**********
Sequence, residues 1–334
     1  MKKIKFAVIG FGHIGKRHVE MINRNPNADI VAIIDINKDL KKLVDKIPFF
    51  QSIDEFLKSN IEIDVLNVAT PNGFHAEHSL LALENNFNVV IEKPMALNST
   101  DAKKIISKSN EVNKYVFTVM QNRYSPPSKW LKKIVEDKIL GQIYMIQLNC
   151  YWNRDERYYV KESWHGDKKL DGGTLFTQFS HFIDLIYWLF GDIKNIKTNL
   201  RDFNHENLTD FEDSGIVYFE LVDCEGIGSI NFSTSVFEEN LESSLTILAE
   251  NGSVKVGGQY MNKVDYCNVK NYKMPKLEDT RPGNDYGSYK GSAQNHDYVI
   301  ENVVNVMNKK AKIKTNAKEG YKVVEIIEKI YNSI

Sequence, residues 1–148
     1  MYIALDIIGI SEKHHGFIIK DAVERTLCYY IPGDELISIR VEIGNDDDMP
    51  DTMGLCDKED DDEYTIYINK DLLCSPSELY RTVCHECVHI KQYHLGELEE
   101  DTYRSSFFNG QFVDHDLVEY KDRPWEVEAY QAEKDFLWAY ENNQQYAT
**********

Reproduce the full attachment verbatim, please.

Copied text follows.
Sequence, residues 1–334
     1  MKKIKFAVIG FGHIGKRHVE MINRNPNADI VAIIDINKDL KKLVDKIPFF
    51  QSIDEFLKSN IEIDVLNVAT PNGFHAEHSL LALENNFNVV IEKPMALNST
   101  DAKKIISKSN EVNKYVFTVM QNRYSPPSKW LKKIVEDKIL GQIYMIQLNC
   151  YWNRDERYYV KESWHGDKKL DGGTLFTQFS HFIDLIYWLF GDIKNIKTNL
   201  RDFNHENLTD FEDSGIVYFE LVDCEGIGSI NFSTSVFEEN LESSLTILAE
   251  NGSVKVGGQY MNKVDYCNVK NYKMPKLEDT RPGNDYGSYK GSAQNHDYVI
   301  ENVVNVMNKK AKIKTNAKEG YKVVEIIEKI YNSI

Sequence, residues 1–148
     1  MYIALDIIGI SEKHHGFIIK DAVERTLCYY IPGDELISIR VEIGNDDDMP
    51  DTMGLCDKED DDEYTIYINK DLLCSPSELY RTVCHECVHI KQYHLGELEE
   101  DTYRSSFFNG QFVDHDLVEY KDRPWEVEAY QAEKDFLWAY ENNQQYAT